RICHMOND, Va. (WRIC) — While college basketball teams fight toward the final four, a final six developers are battling for Richmond’s next major economic development project– transform the Diamond district.
City Hall hopes to turn property between North Arthur Ashe Boulevard and Hermitage Road into a tourism hotspot, and rebuilding the Flying Squirrels’ baseball stadium is reportedly what will keep the team in Richmond.
The city’s department of planning and development review announced the six finalists Wednesday, requesting more information from them about their proposals.
The six finalists:
· Diamond District Gateway Partners
· MAG Partners
· Richmond Community Development Partners
· RVA Diamond Partners
· Vision300 Partners, LLC
· Weller Development Company and LMXD
MAG Partners is a real estate development group in New York City, and Weller Development Company also develops real estate, but in Baltimore.
Vision300 Partners, LLC is a corporation registered to former Virginia state delegate Gregory D. Habeeb.
Maritza Mercado Pechin, deputy director of the city’s department of planning and development review, said the developers being considered still need to provide, “What’s going to be in it [a proposal], architectural renderings and drawings, and financial assumptions and how they’re going to finance the project.”
City documents also indicate developers will have to share what community benefits they will provide, and how they will engage with the community.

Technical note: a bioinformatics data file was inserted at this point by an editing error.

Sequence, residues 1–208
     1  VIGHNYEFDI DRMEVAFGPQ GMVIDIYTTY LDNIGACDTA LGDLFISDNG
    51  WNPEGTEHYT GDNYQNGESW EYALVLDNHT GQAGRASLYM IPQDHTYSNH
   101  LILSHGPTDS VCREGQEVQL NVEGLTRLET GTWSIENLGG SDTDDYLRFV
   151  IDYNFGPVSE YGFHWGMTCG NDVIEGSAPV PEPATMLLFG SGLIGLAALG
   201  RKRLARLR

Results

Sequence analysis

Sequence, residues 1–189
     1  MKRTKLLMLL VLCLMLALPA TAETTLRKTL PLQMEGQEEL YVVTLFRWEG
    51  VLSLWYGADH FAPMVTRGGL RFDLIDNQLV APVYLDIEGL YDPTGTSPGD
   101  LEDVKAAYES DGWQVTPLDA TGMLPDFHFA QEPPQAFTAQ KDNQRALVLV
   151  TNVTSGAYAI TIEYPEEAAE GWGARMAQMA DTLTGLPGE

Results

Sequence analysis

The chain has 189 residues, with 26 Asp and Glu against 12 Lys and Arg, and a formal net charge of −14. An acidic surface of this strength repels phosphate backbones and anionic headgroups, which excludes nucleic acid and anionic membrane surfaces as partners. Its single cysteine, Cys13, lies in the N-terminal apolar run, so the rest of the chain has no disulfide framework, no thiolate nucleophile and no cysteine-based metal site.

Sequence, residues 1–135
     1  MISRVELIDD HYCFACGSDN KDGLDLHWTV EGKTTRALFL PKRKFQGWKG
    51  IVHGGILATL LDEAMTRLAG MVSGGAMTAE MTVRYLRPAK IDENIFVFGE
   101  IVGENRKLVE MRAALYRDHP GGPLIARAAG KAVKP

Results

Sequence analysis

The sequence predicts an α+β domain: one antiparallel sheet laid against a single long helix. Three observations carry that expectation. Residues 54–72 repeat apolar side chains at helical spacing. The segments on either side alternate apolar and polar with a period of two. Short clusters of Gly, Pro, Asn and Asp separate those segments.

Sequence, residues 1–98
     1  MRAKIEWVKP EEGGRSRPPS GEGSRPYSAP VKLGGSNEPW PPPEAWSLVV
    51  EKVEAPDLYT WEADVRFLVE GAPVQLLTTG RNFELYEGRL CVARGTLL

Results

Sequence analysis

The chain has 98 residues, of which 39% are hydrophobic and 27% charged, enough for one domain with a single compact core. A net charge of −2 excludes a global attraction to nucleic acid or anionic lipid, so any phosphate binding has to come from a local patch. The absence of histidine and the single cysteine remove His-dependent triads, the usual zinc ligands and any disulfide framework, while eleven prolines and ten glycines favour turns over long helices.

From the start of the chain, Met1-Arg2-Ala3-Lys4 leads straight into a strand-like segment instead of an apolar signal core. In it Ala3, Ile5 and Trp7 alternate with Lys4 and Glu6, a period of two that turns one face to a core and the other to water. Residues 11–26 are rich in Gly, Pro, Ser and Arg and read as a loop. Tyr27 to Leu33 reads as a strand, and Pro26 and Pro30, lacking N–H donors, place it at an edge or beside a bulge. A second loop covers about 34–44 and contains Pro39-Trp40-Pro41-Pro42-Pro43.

Timing is key for the developers, after Flying Squirrels President Lou DiBella said the team would leave Richmond if they don’t get a new stadium—and fast.
“There will never be baseball again in Richmond,” DiBella told 8News earlier this month.
Pechin told 8News, “We would like to have a baseball stadium ready in time for the 2025 season.”
City Hall’s finalist list means nine other developers were turned down, after initially expressing interest in the Diamond District. Pechin did not provide specifics why they were taken out of the running.
“The six presented, just more, stronger qualifications and vision for the project as we identified in the rules in the Requests for Interest,” she said.
City Hall set a deadline of April 26 for the six developers to share more information about project plans, and officials said they hope to pick a preferred developer in June.